The Topsoil Crisis: Dirt Isn't Cheap Anymore

Oct. 01, 2008 4:00 AM ETCRESY, JJGTF, GRU, BLERF16 Comments
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“Taking the long view, we are running out of dirt.”— David R. Montgomery, geologist

Over the summer, Iran bought a large amount — more than a million tons — of wheat from the U.S.

That’s something we’ve not seen in 27 summers. In Iran’s case, a tough drought cut the wheat harvest by a third, forcing the country to look abroad. But still, the fact that Iran had to come to the U.S. is telling. It’s like Lee asking Grant for rations in the summer of 1863. As one analyst put it: “Do you think Iran would come to the U.S. if they had any place else they could buy it… They’re searching the world for wheat. They’re buying the U.S. because it’s the only thing they can buy.”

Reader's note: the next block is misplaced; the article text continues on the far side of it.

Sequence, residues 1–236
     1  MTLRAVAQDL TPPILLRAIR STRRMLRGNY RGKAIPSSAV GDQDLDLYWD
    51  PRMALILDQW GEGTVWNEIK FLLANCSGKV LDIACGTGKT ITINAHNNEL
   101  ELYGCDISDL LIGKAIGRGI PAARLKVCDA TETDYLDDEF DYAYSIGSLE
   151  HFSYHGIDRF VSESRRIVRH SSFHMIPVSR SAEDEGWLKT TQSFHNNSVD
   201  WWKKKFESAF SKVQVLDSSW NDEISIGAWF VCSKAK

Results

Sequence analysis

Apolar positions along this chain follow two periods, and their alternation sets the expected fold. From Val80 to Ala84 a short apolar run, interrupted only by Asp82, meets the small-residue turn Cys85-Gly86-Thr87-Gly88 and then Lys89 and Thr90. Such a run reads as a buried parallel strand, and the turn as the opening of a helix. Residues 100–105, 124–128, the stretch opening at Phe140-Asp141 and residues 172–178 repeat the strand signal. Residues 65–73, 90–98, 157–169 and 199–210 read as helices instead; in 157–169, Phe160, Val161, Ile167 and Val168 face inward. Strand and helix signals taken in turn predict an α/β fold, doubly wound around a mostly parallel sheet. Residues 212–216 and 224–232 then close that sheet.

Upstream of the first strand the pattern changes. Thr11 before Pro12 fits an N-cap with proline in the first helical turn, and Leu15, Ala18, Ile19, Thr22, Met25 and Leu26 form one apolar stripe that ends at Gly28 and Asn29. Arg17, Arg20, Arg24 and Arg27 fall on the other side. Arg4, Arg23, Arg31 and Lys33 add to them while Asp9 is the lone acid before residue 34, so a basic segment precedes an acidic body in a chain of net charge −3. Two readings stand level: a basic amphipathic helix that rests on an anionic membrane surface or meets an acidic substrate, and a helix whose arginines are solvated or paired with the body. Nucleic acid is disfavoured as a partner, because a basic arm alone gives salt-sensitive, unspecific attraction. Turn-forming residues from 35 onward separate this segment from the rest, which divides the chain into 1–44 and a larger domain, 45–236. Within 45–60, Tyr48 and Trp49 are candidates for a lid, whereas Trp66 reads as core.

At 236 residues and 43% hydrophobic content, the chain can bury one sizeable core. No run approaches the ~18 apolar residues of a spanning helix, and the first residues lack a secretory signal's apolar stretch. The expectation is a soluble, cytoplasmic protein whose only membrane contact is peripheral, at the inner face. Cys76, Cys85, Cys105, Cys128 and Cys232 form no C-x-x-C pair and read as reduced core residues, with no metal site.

Markets, like great unscripted dramas, develop their own plotlines as time rolls on. Now unfolding is a new plotline in the agriculture boom. It begins with the fact that there are fewer and fewer options these days for importers looking for large quantities of high-quality grains. But it speaks more to a deeper issue: an emerging shortage in fertile soil. Yes, we’re running out of good dirt.

In fact, fertile soil — good dirt — may become more important to land values than oil or minerals in the ground. Some say it is already a strategic asset on par with oil. As Lennart Bage, president of a U.N. fund for agricultural development says, “Now fertile land with access to water has become a strategic asset.”

Doubtful? Consider rising export restrictions around the globe, which act as a sort of fence keeping the goods within borders. India curbs exports on rice. The Ukraine halts wheat shipments altogether. The number of grain-exporting regions has dwindled, like the vanishing buffalo herds. Before World War II, only Europe imported grain. South America, as recently as

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